Why is an MTG Cube Called Cube? (The Answer May Surprise You)

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Why is an MTG cube called cube

Ever since Magic: the Gathering was created, players have been coming up with new and interesting ways to play the game.

One particularly well-known format of playing is called a cube. But what is a cube, and why is an MTG cube called cube?

Those questions and more will be the topics of discussion in this post.

This is what we’ll be talking about:

  • A quick description about the fundamentals of Magic: the Gathering
  • What a cube is in MTG
  • Why a cube is called a cube

Let’s dive right in.

What is Magic: the Gathering?

If you’re not very familiar with the game, it helps to know a bit about what Magic: the Gathering is before learning about cubes.

Magic: the Gathering is a strategic card game that was released back in 1993. In this game, players each have life points and the simplest way to win is by dropping your enemies’ life points to 0.

You can achieve this end through a variety of means, but you’ll need spells to do so. To cast such spells, you need to spend mana, which comes in five different colors and is provided by each color’s designated land.

Each turn, you can place another land card on the table and use it to give you one mana of the corresponding color.

Once you have enough mana, the spells you can cast vary. You can cast powerful creatures to attack or defend with, use offensive spells that target your opponents’ creatures or life total, or attach enchantments and equipment to your own creatures to strengthen them.

Alternatively, you could use cards with unique win conditions (also called “wincons”) to achieve victory. These cards will have a condition on them that, if you meet it, will instantly let you win the game.

An example of a creature with a win condition on it is Hellkite Tyrant, pictured above.

What is a Cube in MTG?

The results of decks made from such cubes are unfailingly interesting.

To better describe what a cube is, it’s best to understand what drafting is.

With normal 60-card, Commander, or Modern decks, players have as much time as they need to build. They can even spend weeks fine-tuning a powerful deck.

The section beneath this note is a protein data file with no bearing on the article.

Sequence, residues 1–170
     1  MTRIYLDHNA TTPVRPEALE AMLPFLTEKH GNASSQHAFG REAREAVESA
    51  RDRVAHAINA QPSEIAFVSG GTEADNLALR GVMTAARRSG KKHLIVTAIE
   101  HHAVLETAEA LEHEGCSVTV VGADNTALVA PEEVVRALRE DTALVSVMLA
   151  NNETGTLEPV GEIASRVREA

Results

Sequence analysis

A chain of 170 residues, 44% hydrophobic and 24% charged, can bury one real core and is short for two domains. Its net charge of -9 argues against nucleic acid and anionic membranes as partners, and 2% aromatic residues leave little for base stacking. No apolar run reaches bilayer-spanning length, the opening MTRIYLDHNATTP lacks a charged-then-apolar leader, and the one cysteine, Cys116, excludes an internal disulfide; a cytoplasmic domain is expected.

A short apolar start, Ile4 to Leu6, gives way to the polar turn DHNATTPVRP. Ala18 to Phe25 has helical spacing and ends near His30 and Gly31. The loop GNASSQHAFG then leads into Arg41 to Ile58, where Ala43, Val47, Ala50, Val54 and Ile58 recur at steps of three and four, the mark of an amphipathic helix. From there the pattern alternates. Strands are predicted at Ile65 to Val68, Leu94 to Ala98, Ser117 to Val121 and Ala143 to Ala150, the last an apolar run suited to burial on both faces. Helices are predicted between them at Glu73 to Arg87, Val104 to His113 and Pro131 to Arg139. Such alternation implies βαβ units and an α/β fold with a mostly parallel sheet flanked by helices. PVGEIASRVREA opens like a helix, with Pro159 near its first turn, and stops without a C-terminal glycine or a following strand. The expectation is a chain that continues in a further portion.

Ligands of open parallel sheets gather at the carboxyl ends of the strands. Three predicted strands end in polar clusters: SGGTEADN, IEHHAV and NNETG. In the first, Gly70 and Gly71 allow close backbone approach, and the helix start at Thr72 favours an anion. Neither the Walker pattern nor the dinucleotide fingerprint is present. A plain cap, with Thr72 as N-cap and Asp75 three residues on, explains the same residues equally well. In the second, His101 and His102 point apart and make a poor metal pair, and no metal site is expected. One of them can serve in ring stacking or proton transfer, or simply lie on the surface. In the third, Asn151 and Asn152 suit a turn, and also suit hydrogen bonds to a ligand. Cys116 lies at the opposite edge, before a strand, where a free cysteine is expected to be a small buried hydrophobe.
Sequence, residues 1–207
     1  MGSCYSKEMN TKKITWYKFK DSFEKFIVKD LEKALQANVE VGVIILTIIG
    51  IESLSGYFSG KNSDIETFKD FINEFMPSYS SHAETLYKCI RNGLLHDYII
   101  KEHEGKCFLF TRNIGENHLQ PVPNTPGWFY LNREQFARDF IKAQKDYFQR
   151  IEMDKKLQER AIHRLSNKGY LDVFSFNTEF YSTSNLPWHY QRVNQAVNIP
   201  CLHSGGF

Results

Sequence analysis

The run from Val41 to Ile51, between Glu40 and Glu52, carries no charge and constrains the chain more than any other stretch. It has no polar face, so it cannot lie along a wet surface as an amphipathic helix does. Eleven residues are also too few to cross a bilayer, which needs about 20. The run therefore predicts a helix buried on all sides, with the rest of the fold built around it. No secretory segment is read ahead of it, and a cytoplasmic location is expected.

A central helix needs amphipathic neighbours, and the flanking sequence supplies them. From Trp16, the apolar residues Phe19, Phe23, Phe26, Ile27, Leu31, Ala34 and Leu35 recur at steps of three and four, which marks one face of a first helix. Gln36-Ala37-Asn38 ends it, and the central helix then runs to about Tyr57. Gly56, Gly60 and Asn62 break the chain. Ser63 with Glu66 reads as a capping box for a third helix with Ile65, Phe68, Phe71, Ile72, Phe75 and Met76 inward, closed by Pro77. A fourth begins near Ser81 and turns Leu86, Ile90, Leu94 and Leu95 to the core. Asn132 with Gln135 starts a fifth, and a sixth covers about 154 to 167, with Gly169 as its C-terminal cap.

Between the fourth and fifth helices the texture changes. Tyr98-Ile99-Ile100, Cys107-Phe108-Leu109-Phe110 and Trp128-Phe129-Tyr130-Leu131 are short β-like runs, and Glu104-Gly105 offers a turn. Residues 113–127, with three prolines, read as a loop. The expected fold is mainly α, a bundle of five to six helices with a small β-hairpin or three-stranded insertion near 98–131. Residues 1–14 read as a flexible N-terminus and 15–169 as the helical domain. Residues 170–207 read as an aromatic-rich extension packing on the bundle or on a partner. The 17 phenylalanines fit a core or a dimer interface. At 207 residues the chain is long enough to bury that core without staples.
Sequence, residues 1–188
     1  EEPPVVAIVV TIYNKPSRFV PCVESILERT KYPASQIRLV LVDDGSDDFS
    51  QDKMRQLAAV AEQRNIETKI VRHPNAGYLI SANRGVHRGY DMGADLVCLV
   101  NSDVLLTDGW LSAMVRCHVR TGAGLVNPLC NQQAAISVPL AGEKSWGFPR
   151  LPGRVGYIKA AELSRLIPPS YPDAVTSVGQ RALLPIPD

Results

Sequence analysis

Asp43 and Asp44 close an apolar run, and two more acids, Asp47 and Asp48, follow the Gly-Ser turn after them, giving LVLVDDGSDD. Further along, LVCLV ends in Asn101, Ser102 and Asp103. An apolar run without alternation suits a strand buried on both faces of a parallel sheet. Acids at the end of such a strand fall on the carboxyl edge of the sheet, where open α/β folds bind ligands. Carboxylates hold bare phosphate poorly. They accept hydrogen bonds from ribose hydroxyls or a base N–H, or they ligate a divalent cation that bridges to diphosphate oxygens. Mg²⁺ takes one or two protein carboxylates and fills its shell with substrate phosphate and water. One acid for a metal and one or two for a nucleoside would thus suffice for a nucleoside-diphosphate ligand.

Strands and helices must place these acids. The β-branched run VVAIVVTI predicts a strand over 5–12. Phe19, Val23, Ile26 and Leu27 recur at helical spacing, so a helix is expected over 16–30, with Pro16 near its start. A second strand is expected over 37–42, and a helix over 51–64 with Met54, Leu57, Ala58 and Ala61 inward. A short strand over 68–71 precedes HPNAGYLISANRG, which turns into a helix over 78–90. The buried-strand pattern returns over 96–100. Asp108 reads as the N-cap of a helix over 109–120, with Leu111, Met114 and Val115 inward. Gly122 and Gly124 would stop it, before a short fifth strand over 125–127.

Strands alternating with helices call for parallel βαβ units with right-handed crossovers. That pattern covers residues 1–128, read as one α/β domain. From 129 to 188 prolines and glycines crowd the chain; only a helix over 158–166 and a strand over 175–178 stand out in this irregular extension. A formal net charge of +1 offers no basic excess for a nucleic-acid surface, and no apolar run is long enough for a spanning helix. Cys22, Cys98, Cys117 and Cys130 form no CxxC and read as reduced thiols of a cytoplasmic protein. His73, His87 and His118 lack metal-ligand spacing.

Drafts take all the time out of planning while simultaneously narrowing the card pool players can choose from. In a draft, the players choose from a pre-built group of cards to create an entirely new deck to use for the draft game only.

This format is a fantastic equalizer. Those who typically build rare and expensive decks are forced to draw from the same selection of cards as those who don’t have the budgets for valuable cards.

How does this tie in to cubes? Basically, a cube is a kind of draft.

A cube contains at least 360 pre-selected cards. Some players like to use cards that have a common theme, such as creating cubes that have only powerful cards or cubes that use the weakest cards in Magic’s history.

The results of decks made from such cubes are unfailingly interesting.

Why is an MTG Cube called Cube?

Now that you know a little more about cubes, we can circle back to the original question:

Why is an MTG cube called cube?

This answer may surprise you:

No one really knows for sure why it’s called a cube.

Of course, there are plenty of theories. A particularly popular one is that it’s called cube because the cards are stored in a box before drafting.

Another theory is that it’s because a cube’s shape has eight corners, and most MTG cubes are built for up to eight players.

Still others say it’s because a cube has six sides, and there’s one for each type of card: all five mana colors, and then colorless cards like artifacts and equipment. It’s important to note, though, that many cards are more than one color.

You can find plenty of threads online theorizing over the topic. The bottom line is, there isn’t a clear right or wrong answer about the origins of a cube’s name in MTG.

Why Should You Play in a Cube Draft?

With all that in mind, you may also be wondering whether or not it’s worth building a cube.

That really depends on your play style and personal preferences, but most players would likely answer that question with a resounding yes.

For one thing, it puts most the players on an even playing field. If you’re frustrated by one person in your group of friends constantly winning games, a cube could shake up the routine.

You can also build a cube with fun themes. An example of a common theme is cubes with power nine cards, which are the most over-powered cards created in Magic: the Gathering.

Furthermore, cubes are a great way to spice up game night with a group of friends. Because they can support up to eight players, you can invite a crowd of friends over to enjoy a night of randomness and wild Magic combos.

Want to buy a whole bunch of brand-new cards to draft with friends? Consider getting an entire booster box.

If you don’t know which one to pick, we’ve got a guide on the subject here.